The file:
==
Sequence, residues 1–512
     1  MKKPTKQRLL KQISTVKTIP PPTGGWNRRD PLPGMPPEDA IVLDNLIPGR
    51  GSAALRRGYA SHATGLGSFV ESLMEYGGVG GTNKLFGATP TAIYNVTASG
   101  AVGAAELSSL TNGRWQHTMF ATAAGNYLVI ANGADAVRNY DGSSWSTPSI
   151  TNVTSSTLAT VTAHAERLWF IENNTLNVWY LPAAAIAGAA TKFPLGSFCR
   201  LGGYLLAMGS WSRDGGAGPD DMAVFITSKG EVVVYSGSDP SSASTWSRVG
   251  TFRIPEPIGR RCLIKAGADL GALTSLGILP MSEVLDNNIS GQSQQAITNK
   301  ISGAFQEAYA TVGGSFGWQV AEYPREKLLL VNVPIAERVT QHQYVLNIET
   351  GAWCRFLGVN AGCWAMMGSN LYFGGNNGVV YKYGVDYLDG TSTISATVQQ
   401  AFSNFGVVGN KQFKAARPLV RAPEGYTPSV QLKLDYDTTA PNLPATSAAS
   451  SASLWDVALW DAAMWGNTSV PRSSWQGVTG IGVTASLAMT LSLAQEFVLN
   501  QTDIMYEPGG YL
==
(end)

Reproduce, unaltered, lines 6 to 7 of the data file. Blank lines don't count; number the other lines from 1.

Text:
   201  LGGYLLAMGS WSRDGGAGPD DMAVFITSKG EVVVYSGSDP SSASTWSRVG
   251  TFRIPEPIGR RCLIKAGADL GALTSLGILP MSEVLDNNIS GQSQQAITNK